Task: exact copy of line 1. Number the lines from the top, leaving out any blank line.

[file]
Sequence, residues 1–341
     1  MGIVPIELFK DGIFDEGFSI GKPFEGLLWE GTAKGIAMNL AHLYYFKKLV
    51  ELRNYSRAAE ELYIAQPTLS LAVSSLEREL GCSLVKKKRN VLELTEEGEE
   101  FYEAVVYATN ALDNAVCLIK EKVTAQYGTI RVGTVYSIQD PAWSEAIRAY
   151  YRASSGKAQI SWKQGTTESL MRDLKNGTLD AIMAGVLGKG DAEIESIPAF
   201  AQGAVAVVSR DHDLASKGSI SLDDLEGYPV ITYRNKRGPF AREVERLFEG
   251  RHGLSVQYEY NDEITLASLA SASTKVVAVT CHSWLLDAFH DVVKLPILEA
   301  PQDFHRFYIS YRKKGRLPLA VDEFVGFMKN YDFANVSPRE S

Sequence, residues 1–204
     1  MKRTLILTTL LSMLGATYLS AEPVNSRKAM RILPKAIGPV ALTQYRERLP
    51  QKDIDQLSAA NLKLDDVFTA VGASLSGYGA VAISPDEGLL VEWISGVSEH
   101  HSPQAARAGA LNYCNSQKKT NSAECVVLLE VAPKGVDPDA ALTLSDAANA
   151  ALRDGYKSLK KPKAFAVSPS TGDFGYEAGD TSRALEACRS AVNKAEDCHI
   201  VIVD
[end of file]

Sequence, residues 1–341